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December 2, 1938. On this date, the first Kindertransport of German Jewish children arrived in Great Britain.
June 30-July 2, 1934. On this date, Adolf Hitler ordered the Röhm Purge (also known as the "Night of the Long Knives").
June 28, 1935. On this date, the German government revised Paragraphs 175 and 175a, facilitating the persecution of gay men and men accused of homosexuality.
James A. Rose, of Toledo, Ohio, was with the 42nd (Rainbow) Division.
US radio and TV journalist Edward R. Murrow reported live from London during the Blitz; he also broadcast the first eyewitness account of the liberation of Buchenwald.
The 30th Infantry Division participated in major WWII campaigns and is recognized for liberating the Weferlingen subcamp of Buchenwald in 1945.
Hajj Amin al-Husayni claimed to speak for the Arab nation and the Muslim world and sought an alliance with the Axis powers during WWII. Learn more about his actions
The Justice Case, or Jurists’ Trial, of the Subsequent Nuremberg Proceedings tried members of the German justice administration. Browse excerpts from the verdict.
The Farhud (pogrom), an outbreak of mob violence against Baghdad Jewry in June 1941, was a turning point in the history of Jews in Iraq. Learn more
Germany started World War II in Europe on September 1, 1939, by invading Poland. War would continue until 1945. Learn more about key events in the history of WWII.
Learn about African Americans' experiences in Nazi Germany before and during World War II.
Explore a timeline of key events during 1942 in the history of Nazi Germany, World War II, and the Holocaust.
The Uckermark camp was one of the so-called youth protection camps that the Nazi regime established for young people who were alleged to have strayed from Nazi norms and ideals.
In March 1943, Bulgarian authorities transported the entire Jewish community of Monastir to a transit camp from which they were deported to Treblinka.
As the Nazis conducted the...
As the Nazis conducted the...
Almost one third of the six million Holocaust victims were murdered in mass shootings.
The Oranienburg concentration camp was established as one of the first concentration camps in Nazi Germany on March 21, 1933. Learn more
Millions of people suffered and died in camps, ghettos, and other sites during the Holocaust....
Shony was born to religious Jewish parents in a small Transylvanian city. He began to learn the violin at age 5. His town was occupied by Hungary in 1940 and by Germany in 1944. In May 1944, he was deported to the Auschwitz camp in Poland. He was transferred to the Natzweiler camp system in France and then to Dachau, where he was liberated by US troops in April 1945. In 1950, he immigrated to the United States, and became a composer and a professional violinist.
Allied forces occupied most of Germany by the end of April 1945. German forces fighting in Italy were the first to surrender unconditionally to the Allies. Representatives of the German command in Italy signed the surrender on April 29, and it became effective on May 2, 1945. Five days later, on May 7, 1945, Germany surrendered unconditionally to the western Allies, ending the war in Europe.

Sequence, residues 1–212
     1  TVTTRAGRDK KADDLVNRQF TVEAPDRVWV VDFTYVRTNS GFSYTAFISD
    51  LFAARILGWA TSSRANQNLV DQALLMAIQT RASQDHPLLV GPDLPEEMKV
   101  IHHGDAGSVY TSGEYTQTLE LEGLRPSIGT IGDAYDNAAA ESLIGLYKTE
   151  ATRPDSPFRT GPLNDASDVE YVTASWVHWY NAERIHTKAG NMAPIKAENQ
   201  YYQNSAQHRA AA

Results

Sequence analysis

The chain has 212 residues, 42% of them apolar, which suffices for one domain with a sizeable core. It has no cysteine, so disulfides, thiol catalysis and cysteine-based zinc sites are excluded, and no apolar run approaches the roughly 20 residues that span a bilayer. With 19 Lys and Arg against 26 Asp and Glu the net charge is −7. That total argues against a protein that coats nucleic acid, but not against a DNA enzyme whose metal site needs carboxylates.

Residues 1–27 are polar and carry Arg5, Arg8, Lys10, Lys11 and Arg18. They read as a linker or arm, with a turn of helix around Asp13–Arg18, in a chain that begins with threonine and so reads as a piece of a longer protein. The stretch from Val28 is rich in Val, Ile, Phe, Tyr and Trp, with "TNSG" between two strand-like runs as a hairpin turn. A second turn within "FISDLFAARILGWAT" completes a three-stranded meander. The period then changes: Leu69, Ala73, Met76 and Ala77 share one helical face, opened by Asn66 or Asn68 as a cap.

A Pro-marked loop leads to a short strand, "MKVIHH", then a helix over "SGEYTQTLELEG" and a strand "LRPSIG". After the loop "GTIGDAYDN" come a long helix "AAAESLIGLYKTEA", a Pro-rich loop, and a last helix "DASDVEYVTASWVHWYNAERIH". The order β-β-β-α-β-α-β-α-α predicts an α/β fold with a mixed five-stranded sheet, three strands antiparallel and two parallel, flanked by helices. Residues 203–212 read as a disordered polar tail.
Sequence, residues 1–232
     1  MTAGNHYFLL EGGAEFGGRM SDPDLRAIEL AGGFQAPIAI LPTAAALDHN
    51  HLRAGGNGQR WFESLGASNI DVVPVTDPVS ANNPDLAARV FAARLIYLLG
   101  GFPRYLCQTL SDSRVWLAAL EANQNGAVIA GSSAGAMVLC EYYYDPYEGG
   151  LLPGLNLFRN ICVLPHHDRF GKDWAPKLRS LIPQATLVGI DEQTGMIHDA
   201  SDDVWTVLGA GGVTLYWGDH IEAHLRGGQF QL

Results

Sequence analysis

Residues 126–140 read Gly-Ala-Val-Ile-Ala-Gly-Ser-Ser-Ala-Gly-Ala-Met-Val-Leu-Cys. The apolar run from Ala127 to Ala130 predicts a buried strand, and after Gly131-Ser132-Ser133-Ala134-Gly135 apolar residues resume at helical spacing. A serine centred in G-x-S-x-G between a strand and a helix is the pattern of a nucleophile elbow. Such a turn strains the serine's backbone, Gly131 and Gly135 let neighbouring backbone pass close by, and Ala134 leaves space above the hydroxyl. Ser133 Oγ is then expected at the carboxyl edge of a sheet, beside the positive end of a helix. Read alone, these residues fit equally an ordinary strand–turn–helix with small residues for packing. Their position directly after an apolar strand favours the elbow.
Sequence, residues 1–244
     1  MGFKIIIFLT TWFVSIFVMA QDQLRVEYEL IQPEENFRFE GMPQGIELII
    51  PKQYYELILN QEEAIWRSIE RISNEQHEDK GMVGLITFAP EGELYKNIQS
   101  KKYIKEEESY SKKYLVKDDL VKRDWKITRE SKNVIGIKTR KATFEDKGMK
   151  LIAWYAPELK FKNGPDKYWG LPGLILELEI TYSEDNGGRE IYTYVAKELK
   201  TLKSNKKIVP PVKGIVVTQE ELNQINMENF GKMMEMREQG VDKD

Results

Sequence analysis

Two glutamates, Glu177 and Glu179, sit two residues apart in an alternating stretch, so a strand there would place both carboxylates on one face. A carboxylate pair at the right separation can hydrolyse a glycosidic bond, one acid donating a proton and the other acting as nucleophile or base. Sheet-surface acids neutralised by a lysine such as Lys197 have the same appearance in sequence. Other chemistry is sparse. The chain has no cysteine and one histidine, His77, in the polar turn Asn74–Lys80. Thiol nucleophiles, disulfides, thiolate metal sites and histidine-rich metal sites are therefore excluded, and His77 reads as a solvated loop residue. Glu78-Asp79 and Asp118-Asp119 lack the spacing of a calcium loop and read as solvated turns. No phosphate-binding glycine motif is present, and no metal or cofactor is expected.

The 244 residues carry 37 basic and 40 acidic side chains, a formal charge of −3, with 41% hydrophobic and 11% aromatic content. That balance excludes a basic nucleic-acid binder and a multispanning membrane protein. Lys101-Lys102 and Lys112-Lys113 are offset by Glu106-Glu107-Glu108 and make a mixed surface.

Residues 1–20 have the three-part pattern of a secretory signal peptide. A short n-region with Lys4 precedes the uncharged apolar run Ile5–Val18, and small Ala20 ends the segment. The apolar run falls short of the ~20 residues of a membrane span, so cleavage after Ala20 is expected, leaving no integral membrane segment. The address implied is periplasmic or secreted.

During the interwar period Dr. Susanne Engelmann served as the principal of a large public high school for girls in Berlin. This letter notified her of her dismissal, as a "non-Aryan," from her teaching position. The dismissal was in compliance with the Civil Service Law of April 7, 1933. On April 7, the German government issued the Law for the Restoration of the Professional Civil Service (Gesetz zur Wiederherstellung des Berufsbeamtentums), which excluded Jews and political opponents from all civil…
A letter written by the Berlin transit authority (Berliner Verkehrs Aktiengesellschaft) to Viktor Stern, informing him of his dismissal from his post with their agency as of September 20, 1933. This action was taken to comply with provisions of the Law for the Restoration of the Professional Civil Service. On April 7, the German government issued the Law for the Restoration of the Professional Civil Service (Gesetz zur Wiederherstellung des Berufsbeamtentums), which excluded Jews and political opponents…
Rudolph Daniel Sichel (b. 1915) left Germany in 1934 for England and then immigrated to the United States in 1936. His father, who had remained in Germany, was arrested during Kristallnacht, sent to Buchenwald for a couple of months, forced to sell his store at a loss, and immigrated to the United States with Rudolph's mother shortly after. Sichel joined the US Army in 1943, attending courses at the Military Intelligence Training Center at Camp Ritchie, MD. He landed on Utah Beach in July 1944 and was…
Tomas' parents were Jewish. His father, Robert Kulka, was a businessman from the Moravian town of Olomouc. His mother, Elsa Skutezka, was a milliner from Brno, the capital of Moravia. The couple was well-educated and spoke both Czech and German. They married in 1933 and settled in Robert's hometown of Olomouc. 1933-39: Tomas was born a year and a day after his parents were married. When Tomas was 3, his grandfather passed away and the Kulkas moved to Brno, which was his mother's hometown. On March 15,…
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